Haazinu, Revisited By Rabbi David Hartley Mark

Haazinu (האזינו)
Torah: Deut 32:1 – 32:52
Haftarah: II Samuel 22:1 – 22:51

Hear me, O’ Cosmos, when I declaim,

Let the Firmament absorb my words.

May my thoughts descend like acid rain,

Sizzling into the suffering earth,

Soaked with generations of blood and strife

Roiled with rivenings of man against man.

The Name of my Lord will I shout to the skies:

Glory to God in the Highest….

I cannot fathom the ways of Adonai Elohim,

Even granted my limited mortal mentality;

Considering that He is perfect, I not,

And that all His ways are inscrutable.

Technology, Science, Advanced War-Machines—All

Have attempted to raise us mortals to His status:

Some succeeded, some failed;

Some healed, some killed, and will go on killing.

God spoke, or was silent;

We went on in our struggles.

Do not say, “The past was better,”

But say, “We were younger,

More hopeful—“ for Hope

Remains God’s greatest treasure.

It is easy to complain,

To be cynical,

To smirk at Dreamers and Idealists,

Or to be silent, the greatest Friend to Evil.

Satan may or may not exist,

But his helpers run rampant

Around the globe,

And the Yetzer Ha-Ra,

The Evil Inclination,

Flourishes on TV, computers, our cellphones,

And in our minds.

“If it feels good,

Do it” is not the best advice

For establishing a

Moral Civilization.

From the time of our youth,

As we grow and mature,

We face blessings and burdens.

The manner we take on

All of Life’s happenstances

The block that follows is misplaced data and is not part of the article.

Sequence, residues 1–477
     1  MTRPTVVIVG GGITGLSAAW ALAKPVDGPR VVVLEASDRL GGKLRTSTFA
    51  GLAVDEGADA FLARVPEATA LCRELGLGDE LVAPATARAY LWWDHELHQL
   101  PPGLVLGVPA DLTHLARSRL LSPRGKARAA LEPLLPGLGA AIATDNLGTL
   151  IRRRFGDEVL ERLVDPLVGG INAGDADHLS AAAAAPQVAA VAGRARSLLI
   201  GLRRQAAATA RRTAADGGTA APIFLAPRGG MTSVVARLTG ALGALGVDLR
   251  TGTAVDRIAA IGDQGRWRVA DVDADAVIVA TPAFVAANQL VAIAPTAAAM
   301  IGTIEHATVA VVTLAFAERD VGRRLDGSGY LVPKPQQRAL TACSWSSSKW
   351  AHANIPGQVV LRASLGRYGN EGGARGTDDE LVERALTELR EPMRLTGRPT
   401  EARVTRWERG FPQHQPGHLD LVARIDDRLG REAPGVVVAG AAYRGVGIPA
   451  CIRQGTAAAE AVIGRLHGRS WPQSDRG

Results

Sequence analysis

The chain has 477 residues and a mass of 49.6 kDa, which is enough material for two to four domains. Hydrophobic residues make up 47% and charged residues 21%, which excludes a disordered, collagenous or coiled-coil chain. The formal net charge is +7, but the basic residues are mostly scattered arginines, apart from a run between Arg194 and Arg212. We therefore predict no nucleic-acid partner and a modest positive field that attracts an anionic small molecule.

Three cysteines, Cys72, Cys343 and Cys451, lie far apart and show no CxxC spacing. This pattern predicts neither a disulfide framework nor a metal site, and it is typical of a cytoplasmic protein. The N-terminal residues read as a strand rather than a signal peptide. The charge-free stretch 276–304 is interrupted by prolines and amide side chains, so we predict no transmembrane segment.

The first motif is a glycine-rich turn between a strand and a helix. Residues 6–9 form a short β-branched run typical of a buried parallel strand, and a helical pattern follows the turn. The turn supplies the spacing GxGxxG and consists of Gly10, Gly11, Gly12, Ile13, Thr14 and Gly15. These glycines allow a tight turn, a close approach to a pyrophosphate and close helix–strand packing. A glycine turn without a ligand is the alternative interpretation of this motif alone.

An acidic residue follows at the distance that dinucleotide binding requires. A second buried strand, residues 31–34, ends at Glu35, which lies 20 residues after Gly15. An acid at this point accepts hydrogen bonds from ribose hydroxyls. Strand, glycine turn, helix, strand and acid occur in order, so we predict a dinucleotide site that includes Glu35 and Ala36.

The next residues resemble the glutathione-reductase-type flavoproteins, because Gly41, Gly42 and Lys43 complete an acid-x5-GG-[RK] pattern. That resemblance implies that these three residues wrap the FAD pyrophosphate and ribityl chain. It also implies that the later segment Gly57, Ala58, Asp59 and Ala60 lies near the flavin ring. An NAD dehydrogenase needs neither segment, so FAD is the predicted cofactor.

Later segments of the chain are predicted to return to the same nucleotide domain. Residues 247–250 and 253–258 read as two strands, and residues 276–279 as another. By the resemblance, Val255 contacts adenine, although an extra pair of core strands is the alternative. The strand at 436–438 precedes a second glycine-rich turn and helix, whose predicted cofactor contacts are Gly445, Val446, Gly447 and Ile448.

Stiffens our backbone

And tests our courage.

Will God suffer with you?

Is your God all-perfect?

Is it all your perception?

Are you standing in judgment?

Or do you judge Adonai?

If I had the answers,

O suffering children—

I would not be a human,

But godlike my own self!

Our mission in Spirit

Is coming together

In godly congregations

To help one another,

To suffer our burdens,

To quest personal answers,

To seek faith unending—

We sinners and doubters,

We cynics and skeptics,

We children of heroes,

Those who went before us—

And God, somewhere in us—

O God of the Cosmos!


Rabbi David Hartley Mark is from New York City’s Lower East Side. He attended Yeshiva University, the City University of NY Graduate Center for English Literature, and received semicha at the Academy for Jewish Religion. He currently teaches English at Everglades University in Boca Raton, FL, and has a Shabbat pulpit at Temple Sholom of Pompano Beach. His literary tastes run to Isaac Bashevis Singer, Stephen King, King David, Kohelet, Christopher Marlowe, and the Harlem Renaissance.

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